In a letter to congressional leaders Feb. 5, The Pew Charitable Trusts, Infectious Diseases Society of America, and Trust for America’s Health, together with U.S. antibiotic developers large and small, called on Congress to move swiftly to enact a package of economic incentives to reinvigorate the stagnant pipeline of antibiotics. The letter laid out key principles for a set of policies to ensure that the unique challenges of antibiotic development are addressed with solutions that are aligned with appropriate stewardship and surveillance.
Of the antibiotics in development today, only 11 have the potential to address Gram-negative bacteria, the so-called superbugs deemed most dangerous by the World Health Organization. Based on historical trends, perhaps just two of those drugs will ever make it to market. Despite this urgent need for new antibiotics, the future of antibiotic development is grim. Nearly all large pharmaceutical companies have discontinued their antibiotic research and development programs, and the remaining small biotech firms struggle to raise private funds. Without additional action, the market will not deliver the new antibiotics that patients need.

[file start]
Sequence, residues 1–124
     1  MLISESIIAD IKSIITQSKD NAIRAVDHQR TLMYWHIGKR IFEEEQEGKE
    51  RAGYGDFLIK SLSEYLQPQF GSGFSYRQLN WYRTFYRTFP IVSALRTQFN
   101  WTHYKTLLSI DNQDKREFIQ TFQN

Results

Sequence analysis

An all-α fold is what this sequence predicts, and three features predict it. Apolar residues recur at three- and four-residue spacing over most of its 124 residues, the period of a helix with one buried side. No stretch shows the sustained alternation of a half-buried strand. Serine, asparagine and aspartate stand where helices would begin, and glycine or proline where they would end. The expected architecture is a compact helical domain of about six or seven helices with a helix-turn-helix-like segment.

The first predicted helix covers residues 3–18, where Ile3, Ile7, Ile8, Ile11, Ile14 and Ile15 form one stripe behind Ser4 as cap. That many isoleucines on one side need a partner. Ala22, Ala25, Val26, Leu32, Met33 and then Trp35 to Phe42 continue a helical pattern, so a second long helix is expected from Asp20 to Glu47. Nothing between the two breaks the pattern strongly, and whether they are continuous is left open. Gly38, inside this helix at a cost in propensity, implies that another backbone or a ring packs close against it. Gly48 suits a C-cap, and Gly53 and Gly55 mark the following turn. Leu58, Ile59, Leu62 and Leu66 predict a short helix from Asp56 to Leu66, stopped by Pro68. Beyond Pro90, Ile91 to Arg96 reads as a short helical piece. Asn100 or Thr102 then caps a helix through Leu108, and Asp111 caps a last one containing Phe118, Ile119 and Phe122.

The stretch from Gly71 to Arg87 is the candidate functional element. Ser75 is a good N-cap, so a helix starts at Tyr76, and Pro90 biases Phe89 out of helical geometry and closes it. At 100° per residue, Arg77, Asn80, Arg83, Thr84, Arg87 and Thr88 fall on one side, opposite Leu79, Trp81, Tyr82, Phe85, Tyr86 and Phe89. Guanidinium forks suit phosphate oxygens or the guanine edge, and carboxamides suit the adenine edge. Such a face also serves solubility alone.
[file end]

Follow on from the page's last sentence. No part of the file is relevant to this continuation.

The 26 signees were:
- Antimicrobial Innovation Alliance
- Antimicrobials Working Group (Amplyx Pharmaceuticals, Aridis Pharmaceuticals, Cidara Therapeutics Inc., ContraFect Corp., Entasis Therapeutics Inc., Iterum Therapeutics Ltd., Melinta Therapeutics Inc., Motif Bio PLC, Nabriva Therapeutics US Inc., Paratek Pharmaceuticals Inc., Qpex Biopharma Inc., Scynexis Inc., Summit Therapeutics PLC, and VenatoRx Pharmaceuticals Inc.)
- Biotechnology Innovation Organization
- Infectious Diseases Society of America
- Pfizer Inc.
- Shionogi Inc.
- Spero Therapeutics
- Tetraphase Pharmaceuticals
- The Pew Charitable Trusts
- Trust for America’s Health